A message from Amy Mulford, Brooke’s mother.
My daughter Brooke was diagnosed with a very aggressive cancer, Stage IV high-risk neuroblastoma, on January 5, 2009, when she was just four years old. Since that awful day she has endured all kinds of grueling cancer therapies, but we are fortunate that she was able to receive a combination immunotherapy treatment that included a drug called Ch14.18. It gave her a chance that children before her did not get.
It all started on Christmas Eve 2008, when Brooke started limping and complaining of pain in her leg. Her pediatrician diagnosed a sinus infection and infections in both her ears, and sent us to the local hospital for blood work and X-rays. Hospital doctors said that she had toxic synovitis as a result of the sinus and ear infections and that all she needed was antibiotics. A week later, I knew that was not the case when, after a three-hour car journey to family in New Jersey, she was unable to straighten her legs, in unbearable pain and running a fever. We went to Children’s Hospital of Philadelphia (CHOP), and it was there that she was diagnosed.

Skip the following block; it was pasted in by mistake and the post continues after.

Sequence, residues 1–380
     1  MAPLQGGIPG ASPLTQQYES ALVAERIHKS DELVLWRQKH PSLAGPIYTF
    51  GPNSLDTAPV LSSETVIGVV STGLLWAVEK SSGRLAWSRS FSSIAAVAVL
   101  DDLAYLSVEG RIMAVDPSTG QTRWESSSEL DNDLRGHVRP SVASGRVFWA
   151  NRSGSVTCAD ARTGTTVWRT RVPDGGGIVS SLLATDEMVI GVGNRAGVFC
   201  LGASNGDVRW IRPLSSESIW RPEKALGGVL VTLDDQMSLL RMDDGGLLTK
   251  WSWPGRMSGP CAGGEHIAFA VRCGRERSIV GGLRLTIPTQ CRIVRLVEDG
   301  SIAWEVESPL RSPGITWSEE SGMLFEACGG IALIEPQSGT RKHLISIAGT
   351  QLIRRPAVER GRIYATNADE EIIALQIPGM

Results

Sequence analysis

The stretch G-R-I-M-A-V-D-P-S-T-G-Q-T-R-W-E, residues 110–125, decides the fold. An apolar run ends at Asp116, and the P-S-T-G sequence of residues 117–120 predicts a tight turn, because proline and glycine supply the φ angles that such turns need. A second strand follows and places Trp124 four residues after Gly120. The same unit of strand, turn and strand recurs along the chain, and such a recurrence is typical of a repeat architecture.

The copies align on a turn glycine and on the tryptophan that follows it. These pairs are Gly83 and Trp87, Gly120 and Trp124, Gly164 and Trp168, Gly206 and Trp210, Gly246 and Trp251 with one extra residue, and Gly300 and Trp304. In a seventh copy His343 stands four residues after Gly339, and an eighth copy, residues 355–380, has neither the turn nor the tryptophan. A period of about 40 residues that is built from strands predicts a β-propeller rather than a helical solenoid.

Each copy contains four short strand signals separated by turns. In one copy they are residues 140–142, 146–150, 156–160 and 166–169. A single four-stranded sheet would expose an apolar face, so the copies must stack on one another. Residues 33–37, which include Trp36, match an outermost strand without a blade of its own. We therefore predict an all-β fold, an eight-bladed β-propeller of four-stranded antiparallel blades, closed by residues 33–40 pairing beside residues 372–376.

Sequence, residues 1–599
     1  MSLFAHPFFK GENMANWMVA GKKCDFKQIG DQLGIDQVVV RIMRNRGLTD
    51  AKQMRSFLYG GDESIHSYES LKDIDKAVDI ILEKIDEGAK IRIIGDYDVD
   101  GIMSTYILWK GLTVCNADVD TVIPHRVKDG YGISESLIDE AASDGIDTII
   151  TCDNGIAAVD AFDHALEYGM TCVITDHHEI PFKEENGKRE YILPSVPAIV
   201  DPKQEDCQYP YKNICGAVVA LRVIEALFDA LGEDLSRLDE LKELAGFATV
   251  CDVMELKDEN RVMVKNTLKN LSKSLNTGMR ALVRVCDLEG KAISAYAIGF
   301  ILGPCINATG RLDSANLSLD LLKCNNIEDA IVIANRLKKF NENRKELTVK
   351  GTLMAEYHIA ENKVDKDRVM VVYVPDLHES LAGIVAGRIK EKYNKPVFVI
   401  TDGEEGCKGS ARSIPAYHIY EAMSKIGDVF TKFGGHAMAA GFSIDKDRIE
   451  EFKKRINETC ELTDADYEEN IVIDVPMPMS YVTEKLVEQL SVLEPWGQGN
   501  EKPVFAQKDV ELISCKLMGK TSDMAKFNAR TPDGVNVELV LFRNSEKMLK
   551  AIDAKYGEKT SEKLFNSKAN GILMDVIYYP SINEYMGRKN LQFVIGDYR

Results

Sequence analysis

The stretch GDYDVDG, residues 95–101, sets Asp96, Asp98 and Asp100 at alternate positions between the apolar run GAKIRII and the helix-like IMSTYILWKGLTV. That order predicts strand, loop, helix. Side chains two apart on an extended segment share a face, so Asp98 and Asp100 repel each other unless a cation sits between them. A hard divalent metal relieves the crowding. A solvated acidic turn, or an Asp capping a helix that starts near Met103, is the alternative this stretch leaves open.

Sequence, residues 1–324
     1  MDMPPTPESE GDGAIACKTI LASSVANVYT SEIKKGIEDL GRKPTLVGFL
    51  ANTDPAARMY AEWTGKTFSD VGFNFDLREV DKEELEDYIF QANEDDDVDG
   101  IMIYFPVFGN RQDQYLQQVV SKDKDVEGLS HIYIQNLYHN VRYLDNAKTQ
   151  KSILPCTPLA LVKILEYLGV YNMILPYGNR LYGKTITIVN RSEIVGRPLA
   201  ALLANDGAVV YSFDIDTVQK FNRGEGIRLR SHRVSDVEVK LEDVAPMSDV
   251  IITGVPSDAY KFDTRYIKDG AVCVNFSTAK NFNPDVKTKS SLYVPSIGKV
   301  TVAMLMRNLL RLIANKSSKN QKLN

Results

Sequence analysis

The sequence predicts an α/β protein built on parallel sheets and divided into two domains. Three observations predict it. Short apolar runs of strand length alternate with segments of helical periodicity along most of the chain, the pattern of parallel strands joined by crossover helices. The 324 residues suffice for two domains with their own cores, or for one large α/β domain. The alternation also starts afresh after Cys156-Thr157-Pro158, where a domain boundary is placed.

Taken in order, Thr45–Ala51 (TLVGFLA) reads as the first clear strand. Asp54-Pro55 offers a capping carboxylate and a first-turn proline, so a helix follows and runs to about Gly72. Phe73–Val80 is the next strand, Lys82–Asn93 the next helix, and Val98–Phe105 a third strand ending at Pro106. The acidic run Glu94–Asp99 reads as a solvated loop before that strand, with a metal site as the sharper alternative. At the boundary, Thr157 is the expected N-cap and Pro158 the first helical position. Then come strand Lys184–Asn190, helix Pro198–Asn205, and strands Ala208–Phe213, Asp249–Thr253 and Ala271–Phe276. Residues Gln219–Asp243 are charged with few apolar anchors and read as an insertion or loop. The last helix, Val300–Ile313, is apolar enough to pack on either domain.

We were very lucky to have been at CHOP. Neuroblastoma is rare; fewer than 700 American children are diagnosed with the disease each year, but a significant number of these children are treated at CHOP. Doctors determined that Brooke’s cancer had started in her right adrenal gland and had spread through pretty much every bone in her body and approximately 80% of her bone marrow. I had seen the cancer light up throughout her body on her MIBG scan, and I thought there was no hope that she could survive. But, as a result of their experience with the disease, the doctors at CHOP were able to reassure us that there were treatments and that survival was a possibility.